I credit much of this improvement to consistency in my training after discovering Matt Fitzgerald’s principle of 80/20 Running. This race was also my first real experience with running gels and fuel, and I learned how to navigate long run fueling through trial and error.

                Related: 80/20 Running: Why You Need to Slow Down

Click here to read the full Salt Lake City Half Marathon race recap.

Hill Air Force Base Half Marathon

I didn’t do a recap for this race, but I did share my major lesson learned with my email subscribers. (If you want to know how to get on the list—grab one of my freebies!)

I also wrote a blog post about the importance of having a race day plan and FOLLOWING that plan. My failure to follow the plan resulted in me walking the last 5 miles of this half marathon.

I started off far faster than I knew I should have, and it resulted in my hip/knee screaming at me by mile 7-8. The last 5 miles were completed using the run/walk method, but as the pain got worse…it was much heavier on the walking side. Still, I managed to cross the finish line somewhere around 2 hours and 25 minutes (I don’t remember the exact time, nor did I care…)

My husband also ran this race with me (his first half marathon!) and was sweet enough to walk with me through the finish instead of leaving me to die (figuratively) out there on the course.

Ogden Half Marathon

The Ogden Half Marathon was just 1 week after the Hill Air Force Base Half Marathon, and I was extremely nervous to push myself too hard in this race and get injured. After my knee screamed at me the previous week, I started out slower than I needed to on this race. It was also pouring rain, but the views were great!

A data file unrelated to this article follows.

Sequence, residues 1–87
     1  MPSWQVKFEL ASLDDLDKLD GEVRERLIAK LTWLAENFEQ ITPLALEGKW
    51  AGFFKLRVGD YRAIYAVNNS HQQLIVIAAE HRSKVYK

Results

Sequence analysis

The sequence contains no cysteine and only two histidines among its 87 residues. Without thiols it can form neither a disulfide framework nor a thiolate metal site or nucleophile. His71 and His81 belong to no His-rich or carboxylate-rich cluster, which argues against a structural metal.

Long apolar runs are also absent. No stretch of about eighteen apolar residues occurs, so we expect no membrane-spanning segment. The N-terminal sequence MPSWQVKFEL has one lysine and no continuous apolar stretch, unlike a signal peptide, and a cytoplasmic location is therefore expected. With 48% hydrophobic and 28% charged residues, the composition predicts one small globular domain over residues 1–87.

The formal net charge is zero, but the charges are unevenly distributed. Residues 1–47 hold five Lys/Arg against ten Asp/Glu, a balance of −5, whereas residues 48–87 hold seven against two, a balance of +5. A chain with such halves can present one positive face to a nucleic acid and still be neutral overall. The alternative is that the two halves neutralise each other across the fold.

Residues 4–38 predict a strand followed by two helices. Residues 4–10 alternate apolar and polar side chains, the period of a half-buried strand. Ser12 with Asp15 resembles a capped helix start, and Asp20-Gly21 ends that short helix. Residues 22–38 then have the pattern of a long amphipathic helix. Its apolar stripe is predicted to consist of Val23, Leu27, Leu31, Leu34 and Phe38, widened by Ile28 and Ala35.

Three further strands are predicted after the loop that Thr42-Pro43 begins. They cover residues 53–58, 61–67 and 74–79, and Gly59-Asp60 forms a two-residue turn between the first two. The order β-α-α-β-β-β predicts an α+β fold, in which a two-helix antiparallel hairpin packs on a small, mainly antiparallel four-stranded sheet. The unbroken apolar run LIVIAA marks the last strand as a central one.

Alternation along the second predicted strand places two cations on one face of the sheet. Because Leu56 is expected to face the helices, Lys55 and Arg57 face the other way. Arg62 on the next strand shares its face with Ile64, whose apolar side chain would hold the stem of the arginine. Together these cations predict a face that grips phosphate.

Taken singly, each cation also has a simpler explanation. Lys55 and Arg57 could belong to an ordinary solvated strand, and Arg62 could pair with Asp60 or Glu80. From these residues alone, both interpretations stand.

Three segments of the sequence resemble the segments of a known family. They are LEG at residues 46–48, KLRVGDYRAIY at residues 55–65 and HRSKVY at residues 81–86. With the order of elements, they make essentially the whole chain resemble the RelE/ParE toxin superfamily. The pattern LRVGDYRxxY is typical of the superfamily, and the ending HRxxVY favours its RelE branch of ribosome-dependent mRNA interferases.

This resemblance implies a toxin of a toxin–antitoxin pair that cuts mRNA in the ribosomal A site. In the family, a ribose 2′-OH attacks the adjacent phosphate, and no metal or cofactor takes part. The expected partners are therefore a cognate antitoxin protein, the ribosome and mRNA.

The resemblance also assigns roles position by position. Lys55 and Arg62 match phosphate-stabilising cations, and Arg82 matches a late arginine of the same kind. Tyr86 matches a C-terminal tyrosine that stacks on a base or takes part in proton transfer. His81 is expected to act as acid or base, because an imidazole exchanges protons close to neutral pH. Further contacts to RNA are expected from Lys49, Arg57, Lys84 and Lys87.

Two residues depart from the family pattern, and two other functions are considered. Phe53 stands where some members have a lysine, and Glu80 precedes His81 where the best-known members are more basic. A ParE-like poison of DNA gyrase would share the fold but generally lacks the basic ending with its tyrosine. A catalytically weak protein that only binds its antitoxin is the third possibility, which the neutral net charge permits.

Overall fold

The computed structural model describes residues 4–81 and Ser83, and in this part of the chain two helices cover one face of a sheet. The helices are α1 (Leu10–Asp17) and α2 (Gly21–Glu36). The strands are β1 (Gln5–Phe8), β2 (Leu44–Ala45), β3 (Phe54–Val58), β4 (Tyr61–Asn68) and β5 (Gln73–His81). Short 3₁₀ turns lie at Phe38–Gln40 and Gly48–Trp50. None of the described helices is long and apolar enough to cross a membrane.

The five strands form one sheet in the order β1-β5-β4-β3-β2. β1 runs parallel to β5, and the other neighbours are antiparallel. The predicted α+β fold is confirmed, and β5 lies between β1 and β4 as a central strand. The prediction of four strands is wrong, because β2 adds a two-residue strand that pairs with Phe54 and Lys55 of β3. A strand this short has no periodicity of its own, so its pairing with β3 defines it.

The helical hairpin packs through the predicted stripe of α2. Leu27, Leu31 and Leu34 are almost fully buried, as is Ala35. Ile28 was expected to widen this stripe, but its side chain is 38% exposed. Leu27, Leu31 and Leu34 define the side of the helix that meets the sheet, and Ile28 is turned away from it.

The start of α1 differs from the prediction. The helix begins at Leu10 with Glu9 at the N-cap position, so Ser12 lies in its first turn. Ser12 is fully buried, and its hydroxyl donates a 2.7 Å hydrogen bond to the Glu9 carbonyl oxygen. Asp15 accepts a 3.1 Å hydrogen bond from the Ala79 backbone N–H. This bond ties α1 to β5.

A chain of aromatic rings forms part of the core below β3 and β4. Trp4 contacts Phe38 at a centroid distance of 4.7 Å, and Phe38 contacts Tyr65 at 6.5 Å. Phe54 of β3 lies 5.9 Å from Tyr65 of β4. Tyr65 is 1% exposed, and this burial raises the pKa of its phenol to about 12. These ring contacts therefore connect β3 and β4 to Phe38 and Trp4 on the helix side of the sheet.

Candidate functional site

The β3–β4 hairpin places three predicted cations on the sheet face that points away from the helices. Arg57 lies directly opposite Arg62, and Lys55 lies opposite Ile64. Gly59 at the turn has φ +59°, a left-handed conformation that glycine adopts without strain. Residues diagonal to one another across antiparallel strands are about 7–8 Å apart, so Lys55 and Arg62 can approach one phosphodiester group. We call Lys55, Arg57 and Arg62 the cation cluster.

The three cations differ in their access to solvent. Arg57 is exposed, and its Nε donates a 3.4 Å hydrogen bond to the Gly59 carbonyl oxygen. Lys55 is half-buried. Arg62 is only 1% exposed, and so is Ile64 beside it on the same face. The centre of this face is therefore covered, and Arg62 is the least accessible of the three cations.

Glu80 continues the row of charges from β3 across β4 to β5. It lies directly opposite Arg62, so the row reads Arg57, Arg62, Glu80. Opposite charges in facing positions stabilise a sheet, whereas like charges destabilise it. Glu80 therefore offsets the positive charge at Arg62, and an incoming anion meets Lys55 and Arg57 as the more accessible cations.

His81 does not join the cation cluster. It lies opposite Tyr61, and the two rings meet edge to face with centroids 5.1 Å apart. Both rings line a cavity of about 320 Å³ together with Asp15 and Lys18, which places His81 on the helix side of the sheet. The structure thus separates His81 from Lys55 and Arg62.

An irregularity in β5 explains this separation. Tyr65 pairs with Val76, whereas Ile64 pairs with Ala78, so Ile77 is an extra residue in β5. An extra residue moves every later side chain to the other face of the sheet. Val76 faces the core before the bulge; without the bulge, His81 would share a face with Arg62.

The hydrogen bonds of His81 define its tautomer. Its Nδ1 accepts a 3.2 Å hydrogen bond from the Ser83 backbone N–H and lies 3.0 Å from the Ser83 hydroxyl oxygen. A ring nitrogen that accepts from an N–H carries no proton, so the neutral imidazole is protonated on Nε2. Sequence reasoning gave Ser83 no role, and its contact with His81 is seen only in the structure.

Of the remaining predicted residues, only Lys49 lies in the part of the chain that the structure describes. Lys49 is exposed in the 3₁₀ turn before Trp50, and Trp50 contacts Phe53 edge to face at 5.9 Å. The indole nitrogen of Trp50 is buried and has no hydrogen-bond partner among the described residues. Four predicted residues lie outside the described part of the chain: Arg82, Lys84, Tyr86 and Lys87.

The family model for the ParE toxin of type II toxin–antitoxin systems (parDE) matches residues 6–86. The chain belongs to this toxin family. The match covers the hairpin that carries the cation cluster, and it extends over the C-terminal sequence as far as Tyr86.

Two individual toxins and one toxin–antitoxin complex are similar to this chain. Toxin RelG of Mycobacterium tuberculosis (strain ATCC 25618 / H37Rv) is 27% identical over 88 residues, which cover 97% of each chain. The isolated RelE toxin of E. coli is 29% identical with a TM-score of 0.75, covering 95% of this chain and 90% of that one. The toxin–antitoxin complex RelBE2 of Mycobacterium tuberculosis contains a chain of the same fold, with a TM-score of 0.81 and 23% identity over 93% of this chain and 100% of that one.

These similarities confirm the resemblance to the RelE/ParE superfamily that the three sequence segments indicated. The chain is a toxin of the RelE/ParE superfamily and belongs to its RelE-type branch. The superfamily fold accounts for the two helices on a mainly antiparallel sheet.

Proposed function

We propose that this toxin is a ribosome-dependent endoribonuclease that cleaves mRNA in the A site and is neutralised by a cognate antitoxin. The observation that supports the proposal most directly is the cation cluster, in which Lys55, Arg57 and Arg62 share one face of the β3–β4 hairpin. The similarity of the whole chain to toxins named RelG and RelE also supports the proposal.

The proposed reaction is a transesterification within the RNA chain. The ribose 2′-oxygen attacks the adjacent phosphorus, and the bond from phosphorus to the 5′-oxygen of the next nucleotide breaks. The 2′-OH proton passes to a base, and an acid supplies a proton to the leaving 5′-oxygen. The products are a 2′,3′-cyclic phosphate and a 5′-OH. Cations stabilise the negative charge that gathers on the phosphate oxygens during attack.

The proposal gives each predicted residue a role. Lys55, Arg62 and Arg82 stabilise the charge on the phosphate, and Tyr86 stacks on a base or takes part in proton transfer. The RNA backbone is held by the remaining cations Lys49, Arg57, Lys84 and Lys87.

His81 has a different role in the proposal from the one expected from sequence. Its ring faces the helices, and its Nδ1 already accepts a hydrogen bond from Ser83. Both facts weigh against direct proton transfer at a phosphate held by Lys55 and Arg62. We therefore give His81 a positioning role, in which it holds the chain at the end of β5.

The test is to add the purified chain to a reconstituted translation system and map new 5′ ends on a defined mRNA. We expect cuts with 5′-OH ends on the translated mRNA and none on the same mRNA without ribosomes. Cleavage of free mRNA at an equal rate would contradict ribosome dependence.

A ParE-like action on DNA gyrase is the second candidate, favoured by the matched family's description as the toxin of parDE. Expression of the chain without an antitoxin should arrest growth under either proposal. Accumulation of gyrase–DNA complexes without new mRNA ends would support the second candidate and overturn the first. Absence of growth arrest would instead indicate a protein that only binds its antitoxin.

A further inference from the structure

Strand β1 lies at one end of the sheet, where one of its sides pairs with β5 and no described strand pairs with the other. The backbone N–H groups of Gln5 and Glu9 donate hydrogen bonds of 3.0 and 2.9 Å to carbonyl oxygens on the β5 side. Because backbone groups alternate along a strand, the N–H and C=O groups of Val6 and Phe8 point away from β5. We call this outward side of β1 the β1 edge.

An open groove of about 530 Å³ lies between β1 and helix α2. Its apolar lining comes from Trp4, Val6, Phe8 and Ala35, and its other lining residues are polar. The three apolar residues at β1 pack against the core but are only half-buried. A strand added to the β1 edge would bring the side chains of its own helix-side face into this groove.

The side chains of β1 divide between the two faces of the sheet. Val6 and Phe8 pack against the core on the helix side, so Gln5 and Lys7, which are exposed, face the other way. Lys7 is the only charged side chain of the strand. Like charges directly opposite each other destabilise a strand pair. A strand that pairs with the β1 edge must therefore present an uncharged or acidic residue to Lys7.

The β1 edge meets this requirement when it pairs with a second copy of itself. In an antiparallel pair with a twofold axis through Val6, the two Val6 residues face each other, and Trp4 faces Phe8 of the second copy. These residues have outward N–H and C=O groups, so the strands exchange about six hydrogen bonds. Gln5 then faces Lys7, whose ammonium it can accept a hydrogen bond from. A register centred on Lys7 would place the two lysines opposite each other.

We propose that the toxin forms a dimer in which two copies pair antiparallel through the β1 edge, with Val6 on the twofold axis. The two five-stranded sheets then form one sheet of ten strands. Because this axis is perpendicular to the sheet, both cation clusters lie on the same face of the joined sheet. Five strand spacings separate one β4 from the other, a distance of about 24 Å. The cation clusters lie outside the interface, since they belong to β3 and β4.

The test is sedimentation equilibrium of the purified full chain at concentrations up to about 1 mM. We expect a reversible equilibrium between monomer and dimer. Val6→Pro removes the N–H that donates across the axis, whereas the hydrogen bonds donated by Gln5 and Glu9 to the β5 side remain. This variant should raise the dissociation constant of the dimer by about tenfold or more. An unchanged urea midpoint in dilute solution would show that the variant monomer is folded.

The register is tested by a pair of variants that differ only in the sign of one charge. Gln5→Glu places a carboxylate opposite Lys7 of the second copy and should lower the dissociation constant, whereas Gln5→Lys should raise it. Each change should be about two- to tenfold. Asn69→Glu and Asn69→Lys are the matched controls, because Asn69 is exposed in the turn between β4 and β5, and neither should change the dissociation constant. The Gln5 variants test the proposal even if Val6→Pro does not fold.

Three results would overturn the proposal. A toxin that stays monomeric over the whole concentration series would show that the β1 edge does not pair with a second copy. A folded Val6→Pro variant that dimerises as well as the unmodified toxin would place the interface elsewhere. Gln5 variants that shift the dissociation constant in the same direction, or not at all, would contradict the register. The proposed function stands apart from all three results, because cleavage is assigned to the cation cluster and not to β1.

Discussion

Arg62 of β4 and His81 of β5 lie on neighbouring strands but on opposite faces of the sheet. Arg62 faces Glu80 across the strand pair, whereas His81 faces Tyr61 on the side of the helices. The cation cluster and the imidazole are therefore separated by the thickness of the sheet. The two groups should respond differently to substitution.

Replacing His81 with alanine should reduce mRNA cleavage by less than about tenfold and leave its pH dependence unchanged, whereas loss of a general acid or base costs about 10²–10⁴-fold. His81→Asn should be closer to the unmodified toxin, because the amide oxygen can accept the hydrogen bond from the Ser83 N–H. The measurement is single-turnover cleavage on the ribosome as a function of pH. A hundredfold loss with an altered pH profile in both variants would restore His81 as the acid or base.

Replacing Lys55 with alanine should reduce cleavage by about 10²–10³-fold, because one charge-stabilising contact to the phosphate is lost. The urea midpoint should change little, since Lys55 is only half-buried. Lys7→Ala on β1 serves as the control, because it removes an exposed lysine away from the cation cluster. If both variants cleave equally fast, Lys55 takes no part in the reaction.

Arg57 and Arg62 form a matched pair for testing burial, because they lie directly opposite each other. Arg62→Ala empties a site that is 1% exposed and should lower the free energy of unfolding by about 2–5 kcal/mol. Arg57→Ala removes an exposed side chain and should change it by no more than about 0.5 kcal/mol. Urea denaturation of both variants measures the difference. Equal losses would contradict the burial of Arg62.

As a result of starting slow, I finished really strong in this half marathon passing people left and right over the last 3 miles.

“Remember It’s rude to count people as you pass them. Out loud.” Race Day Running Motivation Quotes

Click here to read the full Ogden Half Marathon race recap.

Side Note: I’m an Ogden Marathon Ambassador for the 2020 race! Click Here to learn more about the Ogden Marathon and grab a discount code to join me at the race in 2020.

Run for Grief 10k

I didn’t do a recap for this race either, and I’m not sure why. I’m guessing life was busy and I already had plenty of topic ideas for blog posts.

In this 10k, I ran almost a 3-minute PR after my previous 10k PR that stood for nearly a year. My knee acted up a little in the middle of this race as I tried to push the pace, but I found that focusing on good running form and a quick cadence can make all the difference. It also was pouring rain for this entire race.

My previous 10k PR was 1:00:00, and I finished this race in 57:17!

To make the finish even sweeter, I placed first in my age group.

2019 Running Year in Review: Summer Races

Handcart Days 5k

After my heavy training load in the spring, I focused on shorter race distances over the summer. I did about 4 weeks of focused speed work leading up to this 5k, and was set on hitting a new 5k PR. My last one was 28:00. I was hoping for around 27:00.

Not only did I hit a PR, but I blew it out of the water with a finish time of 26:20! This 5k ran the same course as the Sweethearts 5k.

I was utterly amazed at the results of this race, and it felt like everything fell right into place on race morning. I actually placed first in my age group, but they didn’t have any type of unofficial placings and awards weren’t going to be until at least 2 hours after I finished.

Plus, my husband and I were moving into our new house that afternoon, so my husband demanded (understandably) that I return home to help move promptly after the race!

Click here to read the full Handcart Days 5k race recap.